The arts are integral to Britain. Their importance extends beyond the cultural sphere. The Treasury receives £5 for every £1 that it invests in the arts. And it isn’t only a competitive tax regime that attracts business to these shores; Deutsche Bank relocated to London specifically because it’s an almost unrivalled cultural and artistic hub.
This and the coming crunch has inspired Arts&Business and Alec Reed (founder of Reed Recruitment), whose launch I attended this morning, to encourage private philanthropy to protect the arts in the short term, and to propose a mixed funding model that balances public, private and corporate funds to increase arts funding without overstretching the nation’s purse in the future. The plans are radical. Private lump sums will be released only if arts institutions match the grant with their own private sources, forcing them to build a closer relationship with viewers.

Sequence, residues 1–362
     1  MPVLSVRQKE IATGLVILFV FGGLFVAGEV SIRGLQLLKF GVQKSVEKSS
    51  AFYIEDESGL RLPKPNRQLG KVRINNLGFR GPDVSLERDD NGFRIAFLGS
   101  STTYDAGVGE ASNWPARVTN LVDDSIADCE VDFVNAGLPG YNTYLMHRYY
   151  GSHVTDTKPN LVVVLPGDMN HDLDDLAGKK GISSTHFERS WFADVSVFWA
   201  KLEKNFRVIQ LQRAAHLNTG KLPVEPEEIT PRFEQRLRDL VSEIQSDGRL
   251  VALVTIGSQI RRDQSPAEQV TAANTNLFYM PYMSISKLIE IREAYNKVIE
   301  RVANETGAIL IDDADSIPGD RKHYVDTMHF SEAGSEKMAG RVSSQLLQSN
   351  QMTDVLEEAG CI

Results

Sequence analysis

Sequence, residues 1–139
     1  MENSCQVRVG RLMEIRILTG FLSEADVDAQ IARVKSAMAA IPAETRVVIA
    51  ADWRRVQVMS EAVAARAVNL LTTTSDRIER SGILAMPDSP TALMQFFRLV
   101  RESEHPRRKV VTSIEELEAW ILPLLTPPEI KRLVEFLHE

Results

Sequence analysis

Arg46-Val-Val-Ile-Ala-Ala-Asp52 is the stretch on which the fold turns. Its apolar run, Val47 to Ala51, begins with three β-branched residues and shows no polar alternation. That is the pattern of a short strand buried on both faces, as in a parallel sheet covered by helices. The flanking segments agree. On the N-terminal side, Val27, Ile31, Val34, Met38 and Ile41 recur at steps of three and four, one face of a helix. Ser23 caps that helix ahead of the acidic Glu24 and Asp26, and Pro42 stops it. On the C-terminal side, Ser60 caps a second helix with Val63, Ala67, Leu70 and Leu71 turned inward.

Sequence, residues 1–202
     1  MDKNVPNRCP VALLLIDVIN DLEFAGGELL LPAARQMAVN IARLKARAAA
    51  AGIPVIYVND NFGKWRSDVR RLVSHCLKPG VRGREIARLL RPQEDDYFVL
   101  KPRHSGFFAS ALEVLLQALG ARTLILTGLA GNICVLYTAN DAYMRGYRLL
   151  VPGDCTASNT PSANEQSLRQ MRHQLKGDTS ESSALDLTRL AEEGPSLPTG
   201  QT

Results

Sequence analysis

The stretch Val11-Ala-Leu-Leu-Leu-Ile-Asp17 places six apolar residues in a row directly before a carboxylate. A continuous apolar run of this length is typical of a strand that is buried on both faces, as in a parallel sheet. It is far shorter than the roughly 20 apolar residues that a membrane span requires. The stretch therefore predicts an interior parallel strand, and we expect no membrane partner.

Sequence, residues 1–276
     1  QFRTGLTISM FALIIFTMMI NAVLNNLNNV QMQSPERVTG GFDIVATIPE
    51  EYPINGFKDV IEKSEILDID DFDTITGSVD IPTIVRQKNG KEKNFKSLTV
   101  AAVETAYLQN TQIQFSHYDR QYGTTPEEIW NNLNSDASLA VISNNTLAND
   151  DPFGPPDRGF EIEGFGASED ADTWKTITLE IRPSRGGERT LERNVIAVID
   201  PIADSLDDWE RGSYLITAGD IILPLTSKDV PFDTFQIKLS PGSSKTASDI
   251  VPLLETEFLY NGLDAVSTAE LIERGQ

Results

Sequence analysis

Can it work? Getting hard-pressed people to donate large sums to, for instance, a local theatre will be tricky but not insurmountable. The real obstacle is the Byzantine tax system. Current legislation penalises substantial donations by UK domiciled taxpayers and the rubric of established provisions, such as Gift Aid, is so impenetrable that many cultural organisations do not use them, depriving them up to £85,000 a year. The tax system will have to be rationalised if philanthropy is to flourish.